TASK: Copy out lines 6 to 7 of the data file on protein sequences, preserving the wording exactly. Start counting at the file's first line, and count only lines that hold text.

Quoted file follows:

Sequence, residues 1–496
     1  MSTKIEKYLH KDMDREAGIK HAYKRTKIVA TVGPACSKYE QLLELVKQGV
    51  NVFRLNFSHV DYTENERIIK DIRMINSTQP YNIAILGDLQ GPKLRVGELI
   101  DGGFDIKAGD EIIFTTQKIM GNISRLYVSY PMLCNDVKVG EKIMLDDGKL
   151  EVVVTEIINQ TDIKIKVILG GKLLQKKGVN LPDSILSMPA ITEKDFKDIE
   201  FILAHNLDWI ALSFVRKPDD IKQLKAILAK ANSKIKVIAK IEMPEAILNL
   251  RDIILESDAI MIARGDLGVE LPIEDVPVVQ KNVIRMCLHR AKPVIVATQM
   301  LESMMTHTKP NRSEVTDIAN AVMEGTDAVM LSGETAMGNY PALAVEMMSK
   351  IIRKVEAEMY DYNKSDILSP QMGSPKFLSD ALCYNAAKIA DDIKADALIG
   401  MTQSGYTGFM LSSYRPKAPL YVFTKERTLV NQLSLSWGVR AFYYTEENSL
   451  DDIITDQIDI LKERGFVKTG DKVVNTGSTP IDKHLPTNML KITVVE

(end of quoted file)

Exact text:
   201  FILAHNLDWI ALSFVRKPDD IKQLKAILAK ANSKIKVIAK IEMPEAILNL
   251  RDIILESDAI MIARGDLGVE LPIEDVPVVQ KNVIRMCLHR AKPVIVATQM